A Plea to Hollywood for More Female-Directed and Written Romantic Comedies

bridget 2 bannerUniversal Pictures

There is a scene in Bridget Jones’s Baby where the music suddenly changes as Patrick Dempsey’s Jack takes off his shirt and dives in the pool where Bridget (Renée Zellweger) and other expecting women are doing exercises. The moment serves a slight narrative purpose of jealousy — Mark Darcy (Colin Firth), is, after all, privy to the scene — but it is shot in a way that serves a much larger purpose: the female gaze. Upon my second theater viewing of this film (yes, second, and I’d see it for a third, frankly), many women in my company gasped delightedly and laughed as this scene happened. In fact, throughout the entire film the women of my theater were audibly enjoying themselves as I heard them gasp and “aww” and react to a number of moments (don’t worry, I was right there with them) and it was wonderful.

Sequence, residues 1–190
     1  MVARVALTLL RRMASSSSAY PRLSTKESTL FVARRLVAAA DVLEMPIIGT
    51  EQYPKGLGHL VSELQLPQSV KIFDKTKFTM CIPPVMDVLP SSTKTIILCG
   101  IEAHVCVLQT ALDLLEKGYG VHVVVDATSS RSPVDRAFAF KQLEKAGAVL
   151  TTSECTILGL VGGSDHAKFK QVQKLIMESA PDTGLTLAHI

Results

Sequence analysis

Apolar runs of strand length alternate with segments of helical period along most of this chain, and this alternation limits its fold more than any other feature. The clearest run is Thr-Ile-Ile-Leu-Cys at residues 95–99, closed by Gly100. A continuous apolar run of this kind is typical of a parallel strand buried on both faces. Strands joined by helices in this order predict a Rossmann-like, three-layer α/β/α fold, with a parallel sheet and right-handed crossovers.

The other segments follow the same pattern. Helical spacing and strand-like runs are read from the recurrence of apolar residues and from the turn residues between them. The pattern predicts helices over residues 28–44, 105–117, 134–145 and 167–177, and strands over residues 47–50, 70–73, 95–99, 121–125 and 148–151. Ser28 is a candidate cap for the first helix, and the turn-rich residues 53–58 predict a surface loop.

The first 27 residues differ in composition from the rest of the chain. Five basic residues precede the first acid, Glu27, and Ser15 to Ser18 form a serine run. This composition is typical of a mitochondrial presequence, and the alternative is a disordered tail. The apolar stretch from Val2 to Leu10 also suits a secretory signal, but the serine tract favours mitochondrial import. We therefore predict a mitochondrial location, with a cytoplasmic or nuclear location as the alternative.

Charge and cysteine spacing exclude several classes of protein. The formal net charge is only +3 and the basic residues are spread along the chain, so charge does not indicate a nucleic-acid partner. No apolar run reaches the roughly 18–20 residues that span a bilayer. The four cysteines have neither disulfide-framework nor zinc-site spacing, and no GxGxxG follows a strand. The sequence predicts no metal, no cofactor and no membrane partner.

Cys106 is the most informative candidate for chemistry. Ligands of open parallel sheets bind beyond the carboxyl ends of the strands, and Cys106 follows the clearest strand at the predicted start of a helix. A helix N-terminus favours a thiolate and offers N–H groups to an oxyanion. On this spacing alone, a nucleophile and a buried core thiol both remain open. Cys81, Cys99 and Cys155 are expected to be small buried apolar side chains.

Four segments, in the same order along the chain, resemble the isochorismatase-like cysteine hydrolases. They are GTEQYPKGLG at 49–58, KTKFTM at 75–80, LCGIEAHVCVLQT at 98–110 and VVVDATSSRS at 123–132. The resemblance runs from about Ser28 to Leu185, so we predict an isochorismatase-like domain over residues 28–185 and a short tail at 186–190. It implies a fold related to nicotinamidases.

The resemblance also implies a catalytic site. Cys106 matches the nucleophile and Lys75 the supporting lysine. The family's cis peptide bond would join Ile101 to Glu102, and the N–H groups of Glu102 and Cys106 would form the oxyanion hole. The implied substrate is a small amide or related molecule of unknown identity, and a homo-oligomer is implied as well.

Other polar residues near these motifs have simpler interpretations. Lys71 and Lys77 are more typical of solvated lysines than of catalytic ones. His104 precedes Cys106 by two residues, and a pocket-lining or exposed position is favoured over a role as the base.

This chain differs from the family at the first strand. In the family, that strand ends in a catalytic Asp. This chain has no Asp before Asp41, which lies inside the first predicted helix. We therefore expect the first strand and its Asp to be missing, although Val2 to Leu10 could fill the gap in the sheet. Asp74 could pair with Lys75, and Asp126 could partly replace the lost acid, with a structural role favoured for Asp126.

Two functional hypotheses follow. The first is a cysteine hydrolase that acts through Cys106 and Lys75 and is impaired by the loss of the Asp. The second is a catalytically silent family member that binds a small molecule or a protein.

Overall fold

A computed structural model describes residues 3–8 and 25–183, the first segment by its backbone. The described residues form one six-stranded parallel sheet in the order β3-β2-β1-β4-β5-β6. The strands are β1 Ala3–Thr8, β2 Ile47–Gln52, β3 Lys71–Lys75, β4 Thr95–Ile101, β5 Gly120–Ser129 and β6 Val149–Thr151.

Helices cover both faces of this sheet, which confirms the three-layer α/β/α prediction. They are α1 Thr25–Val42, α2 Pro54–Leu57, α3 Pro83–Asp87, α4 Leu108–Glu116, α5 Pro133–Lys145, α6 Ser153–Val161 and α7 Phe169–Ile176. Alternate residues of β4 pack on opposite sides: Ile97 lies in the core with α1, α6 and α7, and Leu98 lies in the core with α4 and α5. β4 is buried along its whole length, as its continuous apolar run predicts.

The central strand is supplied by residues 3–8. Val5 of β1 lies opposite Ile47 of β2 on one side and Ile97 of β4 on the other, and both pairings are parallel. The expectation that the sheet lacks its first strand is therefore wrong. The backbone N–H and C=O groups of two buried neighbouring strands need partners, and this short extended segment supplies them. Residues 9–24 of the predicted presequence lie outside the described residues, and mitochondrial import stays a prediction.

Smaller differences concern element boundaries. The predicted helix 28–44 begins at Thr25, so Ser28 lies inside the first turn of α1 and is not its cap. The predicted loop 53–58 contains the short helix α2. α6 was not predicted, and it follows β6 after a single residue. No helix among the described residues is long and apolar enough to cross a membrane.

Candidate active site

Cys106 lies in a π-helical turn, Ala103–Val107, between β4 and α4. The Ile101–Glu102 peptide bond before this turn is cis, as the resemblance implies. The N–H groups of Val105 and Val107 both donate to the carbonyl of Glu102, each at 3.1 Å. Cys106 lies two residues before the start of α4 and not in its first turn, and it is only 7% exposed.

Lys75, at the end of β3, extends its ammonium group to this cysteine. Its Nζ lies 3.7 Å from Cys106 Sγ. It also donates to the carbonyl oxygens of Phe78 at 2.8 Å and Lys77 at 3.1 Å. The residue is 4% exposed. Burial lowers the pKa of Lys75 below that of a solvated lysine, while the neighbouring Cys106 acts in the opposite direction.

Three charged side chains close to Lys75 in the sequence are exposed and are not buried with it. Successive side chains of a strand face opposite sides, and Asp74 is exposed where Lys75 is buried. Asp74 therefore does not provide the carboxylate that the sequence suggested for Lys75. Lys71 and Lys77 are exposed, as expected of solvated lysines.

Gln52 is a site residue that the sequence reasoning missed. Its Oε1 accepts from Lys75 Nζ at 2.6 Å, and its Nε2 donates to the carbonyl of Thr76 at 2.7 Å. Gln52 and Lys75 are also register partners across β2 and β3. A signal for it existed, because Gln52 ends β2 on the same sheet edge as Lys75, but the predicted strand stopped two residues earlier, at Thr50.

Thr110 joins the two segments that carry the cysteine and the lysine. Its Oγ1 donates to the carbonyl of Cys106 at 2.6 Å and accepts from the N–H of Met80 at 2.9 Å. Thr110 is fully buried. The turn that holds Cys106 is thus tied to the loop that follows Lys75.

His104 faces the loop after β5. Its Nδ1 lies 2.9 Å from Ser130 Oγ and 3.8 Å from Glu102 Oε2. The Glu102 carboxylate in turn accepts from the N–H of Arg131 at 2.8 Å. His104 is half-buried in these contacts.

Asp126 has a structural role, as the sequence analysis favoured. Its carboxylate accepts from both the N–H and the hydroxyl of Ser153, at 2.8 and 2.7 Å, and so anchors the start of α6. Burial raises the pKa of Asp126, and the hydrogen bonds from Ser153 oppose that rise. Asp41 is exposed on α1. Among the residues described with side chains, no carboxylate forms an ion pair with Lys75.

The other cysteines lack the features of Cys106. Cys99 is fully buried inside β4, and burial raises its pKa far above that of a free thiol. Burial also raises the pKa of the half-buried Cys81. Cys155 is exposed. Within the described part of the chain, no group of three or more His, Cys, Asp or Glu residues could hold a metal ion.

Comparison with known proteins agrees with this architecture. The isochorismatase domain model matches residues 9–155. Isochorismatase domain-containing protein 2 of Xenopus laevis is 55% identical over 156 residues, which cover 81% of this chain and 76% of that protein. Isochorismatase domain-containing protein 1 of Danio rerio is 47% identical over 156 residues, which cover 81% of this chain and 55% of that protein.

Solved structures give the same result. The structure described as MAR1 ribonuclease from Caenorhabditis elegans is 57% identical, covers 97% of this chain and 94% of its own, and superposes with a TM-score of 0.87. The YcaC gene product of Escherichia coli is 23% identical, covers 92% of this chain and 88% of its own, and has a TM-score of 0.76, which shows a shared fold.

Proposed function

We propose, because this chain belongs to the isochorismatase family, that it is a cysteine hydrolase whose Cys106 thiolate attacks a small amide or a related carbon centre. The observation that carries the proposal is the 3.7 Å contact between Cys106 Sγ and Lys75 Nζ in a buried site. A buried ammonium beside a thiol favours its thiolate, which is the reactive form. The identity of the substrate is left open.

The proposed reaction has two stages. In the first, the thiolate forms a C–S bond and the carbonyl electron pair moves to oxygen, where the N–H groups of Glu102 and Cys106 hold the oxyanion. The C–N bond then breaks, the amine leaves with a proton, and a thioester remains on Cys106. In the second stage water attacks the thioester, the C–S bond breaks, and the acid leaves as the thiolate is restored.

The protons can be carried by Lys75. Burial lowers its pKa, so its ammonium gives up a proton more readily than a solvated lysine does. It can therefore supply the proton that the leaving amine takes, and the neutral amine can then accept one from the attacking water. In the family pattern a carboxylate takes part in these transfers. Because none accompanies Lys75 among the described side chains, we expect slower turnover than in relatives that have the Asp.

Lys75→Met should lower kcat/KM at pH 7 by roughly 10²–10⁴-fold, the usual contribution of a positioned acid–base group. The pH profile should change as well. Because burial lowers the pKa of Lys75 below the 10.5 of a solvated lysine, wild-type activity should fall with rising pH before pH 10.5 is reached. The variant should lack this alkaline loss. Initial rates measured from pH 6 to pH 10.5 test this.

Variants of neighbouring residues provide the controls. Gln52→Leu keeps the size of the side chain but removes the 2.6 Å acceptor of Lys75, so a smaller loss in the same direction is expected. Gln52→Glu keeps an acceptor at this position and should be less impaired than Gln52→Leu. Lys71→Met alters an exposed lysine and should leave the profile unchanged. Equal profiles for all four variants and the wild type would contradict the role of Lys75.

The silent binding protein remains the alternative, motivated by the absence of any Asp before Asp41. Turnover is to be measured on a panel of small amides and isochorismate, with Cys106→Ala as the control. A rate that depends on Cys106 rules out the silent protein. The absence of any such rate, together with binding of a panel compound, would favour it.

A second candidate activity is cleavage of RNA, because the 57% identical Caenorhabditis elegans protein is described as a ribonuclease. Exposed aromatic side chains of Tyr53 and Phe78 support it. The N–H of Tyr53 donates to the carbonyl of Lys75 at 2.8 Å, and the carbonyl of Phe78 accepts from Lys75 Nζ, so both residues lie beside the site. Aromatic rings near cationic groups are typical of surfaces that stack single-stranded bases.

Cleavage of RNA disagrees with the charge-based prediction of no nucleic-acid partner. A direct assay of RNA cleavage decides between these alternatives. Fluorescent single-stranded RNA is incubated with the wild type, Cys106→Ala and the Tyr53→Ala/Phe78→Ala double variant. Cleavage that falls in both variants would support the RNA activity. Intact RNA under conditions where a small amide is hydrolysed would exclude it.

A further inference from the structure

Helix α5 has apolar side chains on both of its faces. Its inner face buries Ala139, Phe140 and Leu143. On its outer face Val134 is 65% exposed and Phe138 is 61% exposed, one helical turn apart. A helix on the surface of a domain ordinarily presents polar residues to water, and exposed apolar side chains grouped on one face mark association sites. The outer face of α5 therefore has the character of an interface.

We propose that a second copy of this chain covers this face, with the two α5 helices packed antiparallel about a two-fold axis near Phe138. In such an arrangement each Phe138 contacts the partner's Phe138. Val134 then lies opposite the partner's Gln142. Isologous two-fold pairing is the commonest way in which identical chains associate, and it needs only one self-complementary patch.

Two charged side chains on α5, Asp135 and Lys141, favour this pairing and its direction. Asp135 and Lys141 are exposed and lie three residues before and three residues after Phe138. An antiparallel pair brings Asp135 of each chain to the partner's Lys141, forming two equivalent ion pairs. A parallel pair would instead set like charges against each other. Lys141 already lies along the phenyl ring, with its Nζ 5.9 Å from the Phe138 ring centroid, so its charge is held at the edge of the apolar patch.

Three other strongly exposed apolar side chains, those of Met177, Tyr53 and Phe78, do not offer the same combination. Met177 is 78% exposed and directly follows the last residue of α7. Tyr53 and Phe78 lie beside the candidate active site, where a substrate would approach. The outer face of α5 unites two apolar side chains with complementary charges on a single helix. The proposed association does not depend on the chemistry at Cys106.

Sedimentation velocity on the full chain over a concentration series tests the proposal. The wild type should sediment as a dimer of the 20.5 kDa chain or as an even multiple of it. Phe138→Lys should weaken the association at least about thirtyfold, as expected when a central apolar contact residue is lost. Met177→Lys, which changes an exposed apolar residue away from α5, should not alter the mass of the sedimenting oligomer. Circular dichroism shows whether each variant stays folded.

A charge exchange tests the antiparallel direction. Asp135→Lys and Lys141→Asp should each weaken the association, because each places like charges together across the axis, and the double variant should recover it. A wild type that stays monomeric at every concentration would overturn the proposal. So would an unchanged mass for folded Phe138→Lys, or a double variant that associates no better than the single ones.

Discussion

That’s the great thing about the Bridget Jones franchise — it’s always been (primarily) by and for women. It is unabashedly a franchise that is meant to inspire, support, and showcase women and nowhere is that more evident than in the films’ treatment of Bridget herself. Played in a way by Zellweger that it’s difficult to see anyone else in the role, Bridget is never painted as a perfect character. It’s easy to cringe during plenty of her scenes (in the most recent film, her presentation for work at a conference comes to mind), but it’s never cringing in a negative way, it’s the type of cringing that goes along with any sort of comedy film (aka secondhand embarrassment aka in some ways we really are all Mark Darcy). The importance of these scenes is how they’re framed and shot — and they are never, ever shot in a way that is meant to shame Bridget. Bridget, first and foremost, is continuously supported by the writers and directors of this franchise. She is adored, she is human, and she is allowed to have both happiness and flaws.